In addition to attending the pre-march rally on the National Mall and then walking to the steps of the U.S. Supreme Court, the diocesan pilgrims — which included several priests, seminarians, and adult chaperones — took part in the Life Fest at the D.C. Entertainment and Sports Arena sponsored by the Sisters of Life and the Knights of Columbus; had private Masses in the basilica; and toured the St. John Paul II Shrine, as well as area sites including the Holocaust Museum, U.S. Capitol Building, Arlington National Cemetery, the Museum of Natural History, and the Museum of the Bible.
The Peoria Notre Dame group was among more than 6,000 people at the National Prayer Vigil for Life’s opening Mass at the Basilica of the National Shrine of the Immaculate Conception the evening before the march.
“Being in that space and experiencing that Mass brought me to tears,” said senior Jack Grow. “I felt God’s love surrounding me. I felt like I was at home. This is a trip and experience that I never want to forget.”
For classmate Stedwill, the intimacy of the group’s private Mass celebrated by Father Daniel McShane in a side chapel of the basilica dedicated to “Our Lady of the Missions” the day after the march will be her lasting memory.
“Being in that particular chapel was a reminder that each of us has a unique mission and purpose on this earth, and we were all inspired by Father McShane’s story of how God worked in his life even before he was born.”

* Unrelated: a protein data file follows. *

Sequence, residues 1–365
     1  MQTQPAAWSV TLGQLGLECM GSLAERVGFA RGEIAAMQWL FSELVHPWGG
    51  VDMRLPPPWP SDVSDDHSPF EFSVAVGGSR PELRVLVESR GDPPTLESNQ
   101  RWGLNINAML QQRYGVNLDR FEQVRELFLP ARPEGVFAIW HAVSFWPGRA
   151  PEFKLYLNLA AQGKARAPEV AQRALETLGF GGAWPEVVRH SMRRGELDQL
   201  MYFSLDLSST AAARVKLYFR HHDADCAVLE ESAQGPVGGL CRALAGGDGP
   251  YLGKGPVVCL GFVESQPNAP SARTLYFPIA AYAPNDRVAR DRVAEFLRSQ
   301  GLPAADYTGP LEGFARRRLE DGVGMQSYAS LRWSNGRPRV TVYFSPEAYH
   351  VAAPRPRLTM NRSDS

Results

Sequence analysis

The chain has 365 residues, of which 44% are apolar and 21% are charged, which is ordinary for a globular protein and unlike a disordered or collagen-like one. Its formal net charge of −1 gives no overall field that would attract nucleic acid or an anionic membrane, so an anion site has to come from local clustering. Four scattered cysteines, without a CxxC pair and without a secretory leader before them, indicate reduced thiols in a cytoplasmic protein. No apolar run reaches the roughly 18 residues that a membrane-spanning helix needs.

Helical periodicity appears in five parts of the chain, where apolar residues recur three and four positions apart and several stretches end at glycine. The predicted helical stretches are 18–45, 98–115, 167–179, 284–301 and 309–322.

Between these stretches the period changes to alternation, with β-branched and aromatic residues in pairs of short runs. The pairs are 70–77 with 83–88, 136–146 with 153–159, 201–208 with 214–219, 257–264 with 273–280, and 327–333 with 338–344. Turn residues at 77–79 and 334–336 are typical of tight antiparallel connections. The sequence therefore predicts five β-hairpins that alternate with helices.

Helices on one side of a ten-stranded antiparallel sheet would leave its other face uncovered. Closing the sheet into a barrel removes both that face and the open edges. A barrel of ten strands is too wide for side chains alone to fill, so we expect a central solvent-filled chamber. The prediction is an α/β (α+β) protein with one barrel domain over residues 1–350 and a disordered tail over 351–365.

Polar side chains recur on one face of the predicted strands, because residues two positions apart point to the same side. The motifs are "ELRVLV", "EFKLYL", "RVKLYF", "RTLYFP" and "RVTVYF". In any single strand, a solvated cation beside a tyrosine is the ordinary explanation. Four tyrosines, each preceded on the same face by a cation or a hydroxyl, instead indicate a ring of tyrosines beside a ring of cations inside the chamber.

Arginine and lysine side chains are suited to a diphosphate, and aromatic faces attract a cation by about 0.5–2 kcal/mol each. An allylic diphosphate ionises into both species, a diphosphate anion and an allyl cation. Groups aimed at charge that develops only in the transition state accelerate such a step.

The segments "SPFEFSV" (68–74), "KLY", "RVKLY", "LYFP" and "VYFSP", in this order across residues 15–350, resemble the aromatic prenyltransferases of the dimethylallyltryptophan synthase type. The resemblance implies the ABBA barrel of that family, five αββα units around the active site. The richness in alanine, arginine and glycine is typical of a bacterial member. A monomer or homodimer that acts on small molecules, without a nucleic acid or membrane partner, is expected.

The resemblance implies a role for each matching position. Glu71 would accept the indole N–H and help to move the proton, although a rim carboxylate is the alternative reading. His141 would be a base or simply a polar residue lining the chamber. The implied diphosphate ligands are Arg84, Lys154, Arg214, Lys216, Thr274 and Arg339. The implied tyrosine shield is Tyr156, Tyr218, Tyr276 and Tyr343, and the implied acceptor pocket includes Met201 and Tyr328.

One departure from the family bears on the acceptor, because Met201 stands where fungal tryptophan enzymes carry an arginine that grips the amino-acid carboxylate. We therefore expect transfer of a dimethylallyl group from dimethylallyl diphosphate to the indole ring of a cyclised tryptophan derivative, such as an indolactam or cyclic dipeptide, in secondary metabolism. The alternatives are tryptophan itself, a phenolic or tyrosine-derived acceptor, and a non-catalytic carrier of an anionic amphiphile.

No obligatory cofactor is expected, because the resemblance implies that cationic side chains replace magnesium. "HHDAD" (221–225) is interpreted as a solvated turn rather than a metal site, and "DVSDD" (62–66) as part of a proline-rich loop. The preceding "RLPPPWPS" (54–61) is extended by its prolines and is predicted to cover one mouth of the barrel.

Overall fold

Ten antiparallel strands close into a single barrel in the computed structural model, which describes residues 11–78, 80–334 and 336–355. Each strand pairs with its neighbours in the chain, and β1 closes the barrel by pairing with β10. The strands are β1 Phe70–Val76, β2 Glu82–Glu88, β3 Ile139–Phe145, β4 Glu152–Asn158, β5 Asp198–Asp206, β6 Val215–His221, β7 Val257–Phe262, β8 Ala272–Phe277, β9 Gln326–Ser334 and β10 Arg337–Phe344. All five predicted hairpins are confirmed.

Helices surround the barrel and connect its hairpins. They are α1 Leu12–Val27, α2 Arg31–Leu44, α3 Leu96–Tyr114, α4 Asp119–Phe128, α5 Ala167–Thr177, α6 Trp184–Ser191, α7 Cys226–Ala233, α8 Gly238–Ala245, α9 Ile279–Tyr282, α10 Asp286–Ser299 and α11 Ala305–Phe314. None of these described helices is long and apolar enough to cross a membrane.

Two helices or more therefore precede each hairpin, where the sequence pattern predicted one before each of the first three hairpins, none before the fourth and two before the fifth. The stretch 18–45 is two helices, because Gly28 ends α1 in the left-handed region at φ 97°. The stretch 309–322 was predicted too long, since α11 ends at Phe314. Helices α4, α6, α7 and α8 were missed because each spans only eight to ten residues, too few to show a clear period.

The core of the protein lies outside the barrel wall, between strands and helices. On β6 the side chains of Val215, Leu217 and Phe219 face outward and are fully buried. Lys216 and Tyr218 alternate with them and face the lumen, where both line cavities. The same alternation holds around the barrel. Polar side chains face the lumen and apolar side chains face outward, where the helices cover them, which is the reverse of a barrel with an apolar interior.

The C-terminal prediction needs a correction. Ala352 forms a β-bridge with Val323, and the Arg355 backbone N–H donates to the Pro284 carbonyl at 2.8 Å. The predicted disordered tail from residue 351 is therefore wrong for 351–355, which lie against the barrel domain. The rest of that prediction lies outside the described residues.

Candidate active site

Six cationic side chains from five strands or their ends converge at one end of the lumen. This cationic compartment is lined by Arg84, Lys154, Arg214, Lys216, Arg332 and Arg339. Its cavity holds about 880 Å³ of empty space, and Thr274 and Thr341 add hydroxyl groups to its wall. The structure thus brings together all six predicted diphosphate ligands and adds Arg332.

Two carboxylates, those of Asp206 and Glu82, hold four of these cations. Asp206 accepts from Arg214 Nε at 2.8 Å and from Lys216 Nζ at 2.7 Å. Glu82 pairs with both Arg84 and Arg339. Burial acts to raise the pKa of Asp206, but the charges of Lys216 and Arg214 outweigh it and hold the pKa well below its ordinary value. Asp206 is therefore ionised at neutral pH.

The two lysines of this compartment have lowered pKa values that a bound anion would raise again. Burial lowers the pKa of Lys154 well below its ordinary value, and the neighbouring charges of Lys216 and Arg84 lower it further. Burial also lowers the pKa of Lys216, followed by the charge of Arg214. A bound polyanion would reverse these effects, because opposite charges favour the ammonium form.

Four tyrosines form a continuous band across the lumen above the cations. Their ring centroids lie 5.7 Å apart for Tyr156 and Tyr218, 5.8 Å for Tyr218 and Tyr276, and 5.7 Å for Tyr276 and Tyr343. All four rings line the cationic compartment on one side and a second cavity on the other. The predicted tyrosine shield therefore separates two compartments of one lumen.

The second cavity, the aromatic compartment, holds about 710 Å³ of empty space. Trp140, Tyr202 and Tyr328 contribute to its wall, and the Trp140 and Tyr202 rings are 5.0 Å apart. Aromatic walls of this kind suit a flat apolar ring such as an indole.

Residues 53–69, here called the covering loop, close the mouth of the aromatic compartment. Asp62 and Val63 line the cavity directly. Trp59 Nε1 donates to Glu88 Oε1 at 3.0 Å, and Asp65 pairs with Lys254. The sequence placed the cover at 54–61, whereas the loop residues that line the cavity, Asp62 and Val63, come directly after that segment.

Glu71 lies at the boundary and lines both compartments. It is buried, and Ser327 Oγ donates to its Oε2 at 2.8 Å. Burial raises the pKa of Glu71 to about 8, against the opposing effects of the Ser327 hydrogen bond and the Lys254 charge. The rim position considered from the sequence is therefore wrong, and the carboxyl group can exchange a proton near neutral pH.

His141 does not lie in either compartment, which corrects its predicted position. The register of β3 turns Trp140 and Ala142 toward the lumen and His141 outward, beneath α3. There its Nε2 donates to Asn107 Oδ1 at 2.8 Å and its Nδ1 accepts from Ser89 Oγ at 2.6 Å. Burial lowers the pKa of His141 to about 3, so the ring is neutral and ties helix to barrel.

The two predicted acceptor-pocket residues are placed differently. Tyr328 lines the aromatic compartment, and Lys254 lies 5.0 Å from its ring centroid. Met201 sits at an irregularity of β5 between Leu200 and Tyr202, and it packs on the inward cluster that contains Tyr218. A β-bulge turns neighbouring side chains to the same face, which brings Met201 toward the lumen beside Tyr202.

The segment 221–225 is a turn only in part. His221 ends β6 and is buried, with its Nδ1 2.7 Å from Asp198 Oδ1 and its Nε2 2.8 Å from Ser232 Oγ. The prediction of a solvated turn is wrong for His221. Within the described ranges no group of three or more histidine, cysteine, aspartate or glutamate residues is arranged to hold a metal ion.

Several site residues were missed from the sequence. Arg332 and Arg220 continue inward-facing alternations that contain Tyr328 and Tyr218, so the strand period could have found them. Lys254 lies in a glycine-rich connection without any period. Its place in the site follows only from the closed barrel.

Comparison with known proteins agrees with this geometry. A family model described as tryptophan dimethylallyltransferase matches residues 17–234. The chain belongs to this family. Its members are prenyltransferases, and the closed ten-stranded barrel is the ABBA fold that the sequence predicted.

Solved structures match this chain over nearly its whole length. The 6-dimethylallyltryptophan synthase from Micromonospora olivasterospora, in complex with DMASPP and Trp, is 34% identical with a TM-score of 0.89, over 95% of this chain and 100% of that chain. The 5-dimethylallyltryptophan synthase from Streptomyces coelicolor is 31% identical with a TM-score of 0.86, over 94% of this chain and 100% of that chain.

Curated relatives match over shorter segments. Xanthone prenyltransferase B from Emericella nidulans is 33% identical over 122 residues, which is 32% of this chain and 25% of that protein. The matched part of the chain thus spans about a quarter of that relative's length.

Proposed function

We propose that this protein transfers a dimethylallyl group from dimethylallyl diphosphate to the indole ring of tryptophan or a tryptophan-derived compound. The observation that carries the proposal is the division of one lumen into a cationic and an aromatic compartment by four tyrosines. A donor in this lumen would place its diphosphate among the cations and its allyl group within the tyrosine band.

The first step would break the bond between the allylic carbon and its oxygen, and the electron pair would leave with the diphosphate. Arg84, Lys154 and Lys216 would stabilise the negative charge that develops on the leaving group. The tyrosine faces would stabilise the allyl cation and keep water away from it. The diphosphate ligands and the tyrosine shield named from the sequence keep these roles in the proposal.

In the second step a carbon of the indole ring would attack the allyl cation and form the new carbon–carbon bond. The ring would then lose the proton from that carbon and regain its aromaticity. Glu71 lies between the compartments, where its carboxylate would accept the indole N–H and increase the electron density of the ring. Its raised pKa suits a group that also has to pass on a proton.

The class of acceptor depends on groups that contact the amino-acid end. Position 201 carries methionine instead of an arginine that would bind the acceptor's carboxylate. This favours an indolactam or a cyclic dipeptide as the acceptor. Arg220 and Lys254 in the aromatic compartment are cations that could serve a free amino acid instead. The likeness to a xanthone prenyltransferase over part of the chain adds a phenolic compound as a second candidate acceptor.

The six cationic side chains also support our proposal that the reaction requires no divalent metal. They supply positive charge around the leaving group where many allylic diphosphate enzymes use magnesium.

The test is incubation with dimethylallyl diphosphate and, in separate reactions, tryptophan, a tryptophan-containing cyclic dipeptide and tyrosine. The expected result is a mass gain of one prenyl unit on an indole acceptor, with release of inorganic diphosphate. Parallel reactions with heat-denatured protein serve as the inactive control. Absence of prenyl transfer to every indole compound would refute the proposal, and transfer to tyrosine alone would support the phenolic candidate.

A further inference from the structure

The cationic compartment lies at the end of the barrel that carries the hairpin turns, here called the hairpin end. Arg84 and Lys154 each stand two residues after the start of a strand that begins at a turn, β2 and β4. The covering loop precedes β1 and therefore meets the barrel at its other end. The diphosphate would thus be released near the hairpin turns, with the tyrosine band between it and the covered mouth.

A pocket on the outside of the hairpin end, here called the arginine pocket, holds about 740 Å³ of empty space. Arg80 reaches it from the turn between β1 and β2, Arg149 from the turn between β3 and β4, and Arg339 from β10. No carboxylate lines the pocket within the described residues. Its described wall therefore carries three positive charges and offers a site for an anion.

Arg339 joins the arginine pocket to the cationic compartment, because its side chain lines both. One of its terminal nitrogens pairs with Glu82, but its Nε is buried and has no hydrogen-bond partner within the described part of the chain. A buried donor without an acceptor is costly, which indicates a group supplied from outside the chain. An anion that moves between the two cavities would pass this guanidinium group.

The strengthened bonds of friendship resulting from the five-day pilgrimages — with travel by bus for Peoria Notre Dame contingent and by air for those from Marquette — were also frequently noted by the students.
“I will always remember my meetings with the juniors and seniors at the end of the night,” said Marquette senior Jacob Witthuhn. “We would pray a decade of the rosary and discuss what happened that day. I grew closer to a lot of these people through these meetings.”
“On the bus is where you make new friends and you don’t even think about what grade everyone is in,” said Peoria Notre Dame senior Deidre Dwyer, who was making her second trip to the national march. She described singing karaoke, playing card games, and visiting with teachers including Dominican Sisters Catherine Thomas and Agnes Paulina as the miles passed.
ALL ABOUT THE CAUSE OF LIFE
In the end, however, the students all spoke of the importance of the cause.
“Going on the March for Life was an opportunity to stand up and show that women don’t need abortion to be empowered; they need love and support so that they can see the beauty and dignity of their life and the life of their child.” — Maria Stedwill
“A lot of my family members were adopted, and I can’t imagine life without them,” said Witthuhn. “I wanted to go on this pilgrimage not only to have a chance for prayer, but to make sure my voice is heard.”
“This was going to be the last trip that we did as a school (to the national march) in order to focus on the local marches,” said Father Bosse, “but after seeing the fire that was ignited in the students, I will undoubtedly take a group again and strongly encourage students to attend.”